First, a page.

Eldercaring coordination and other tools are helping families and legal professionals better manage today’s challenges.
When it’s the elderly who’ve fallen into the grip of opioid dependency, the route to recovery is complicated for both the individual suffering from the cloud of opioid use and those who love and care for that person.
However, strategies and tools are being developed to help families handle the broad range of challenges that arise as their loved ones age. They may be useful in combating opioid dependency issues, too.
A crisis after routine hip surgery
The effects of opioid dependency in older adults can affect their functional capacity and, in some instances, could result in the loss of their civil rights. When opioid use causes confusion and depression, older adults may become unable to care for themselves or their property. Not being able to care for yourself or your property can land someone in guardianship court.
Consider this scenario: A 79-year-old woman, whom we’ll call Mom, fell and required hip surgery. The doctor prescribes Oxycodcone for her to take at home after the surgery. Mom takes it for the first week after surgery, and as the pain persists, her use of the opioid continues.
Mom becomes more sedentary, more isolated, and less able to resume her normal activities. Months later, her daughter visits and finds Mom confused and disoriented, the house in disarray, bills unpaid, and Mom still on the pain meds.
Her daughter asks Mom to move in with her, but Mom vehemently refuses to leave her home and refuses to have someone come into the home to provide assistance. Her daughter tries to make arrangements to pay the bills, but the bank won’t give the daughter any information, and Mom won’t voluntarily provide it.
In addition to seeking medical attention and perhaps assistance in the home for Mom, the daughter may also seek legal advice on how these important decisions can be made even though Mom isn’t cooperating.
Traditionally, the legal options available to family members like this daughter have included becoming Mom’s agent under a power of attorney or making joint banking arrangements. But these options require Mom’s cooperation and consent.
Guardianship has its limits
Guardianship is another legal option, but it requires removing Mom’s civil rights and potentially creating an adversarial legal fight.
Guardianship has been a common solution for families with good intentions. Families want to help, and they want to intervene in the situation in a way that solves the problem. And sometimes, they think if they can just get control of the situation, they can help Mom or Dad.
But when drug dependency is the root of the problem, guardianship addresses only the symptoms and may not help. There are limitations to the use of guardianship where substance abuse is the underlying cause of functional incapacity.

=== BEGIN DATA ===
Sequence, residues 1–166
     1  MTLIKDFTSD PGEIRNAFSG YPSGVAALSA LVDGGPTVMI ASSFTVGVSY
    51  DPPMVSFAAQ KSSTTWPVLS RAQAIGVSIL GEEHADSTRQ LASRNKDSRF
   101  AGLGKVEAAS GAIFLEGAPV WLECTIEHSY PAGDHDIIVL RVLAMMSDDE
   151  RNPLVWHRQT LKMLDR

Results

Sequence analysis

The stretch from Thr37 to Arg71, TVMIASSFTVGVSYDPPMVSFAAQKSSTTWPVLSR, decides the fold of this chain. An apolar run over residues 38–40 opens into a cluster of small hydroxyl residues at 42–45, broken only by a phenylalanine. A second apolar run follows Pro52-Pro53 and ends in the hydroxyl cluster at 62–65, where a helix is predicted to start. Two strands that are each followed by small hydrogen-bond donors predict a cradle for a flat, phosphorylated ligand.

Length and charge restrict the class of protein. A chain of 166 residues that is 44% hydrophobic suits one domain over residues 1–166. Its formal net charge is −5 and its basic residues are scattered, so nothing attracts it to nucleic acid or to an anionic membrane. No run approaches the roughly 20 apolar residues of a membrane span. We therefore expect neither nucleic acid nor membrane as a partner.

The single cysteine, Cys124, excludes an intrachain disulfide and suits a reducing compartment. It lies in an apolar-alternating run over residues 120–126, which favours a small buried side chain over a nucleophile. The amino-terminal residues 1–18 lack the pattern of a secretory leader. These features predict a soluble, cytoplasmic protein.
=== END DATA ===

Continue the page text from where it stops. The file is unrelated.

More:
In some states, a guardian can’t force substance abuse treatment or involuntarily admit someone into a facility. Moreover, forced treatment isn’t the goal. Cooperation in seeking appropriate help is the goal. Guardianship can actually be a barrier to obtaining an older person’s cooperation if the older person has strong objections to the imposition of the guardianship.
New solutions are emerging
Increasingly, there are efforts to reduce the number of guardianships among older persons and to employ strategies that don’t require the loss of civil rights and the restriction of autonomy and independence. The ABA has developed PRACTICAL, a screening tool you can use when you’re determining whether guardianship alternatives are appropriate in a particular case.
New legal strategies are also being developed to aid families that need conflict resolution. Two such options are supported decision making and eldercaring coordination. These additional tools or strategies can be used to foster cooperation.
Supported decision making is an alternative to guardianship where supporters aid the person needing decision-making assistance by helping that person evaluate options and make reasonable decisions. The person gets the help needed while maintaining independence and autonomy.
Supporters can be any trusted person invited by the person to help in the decision-making process, such as family, friends, or advocates. For more information about supported decision-making, visit the National Resource Center for Supported Decision-Making.
Coordination is becoming key
Another promising strategy to aid conflict resolution is eldercaring coordination. Lisa Fieldstone and Judge Michelle Morley from Florida patterned the eldercaring coordination concept after parenting coordination.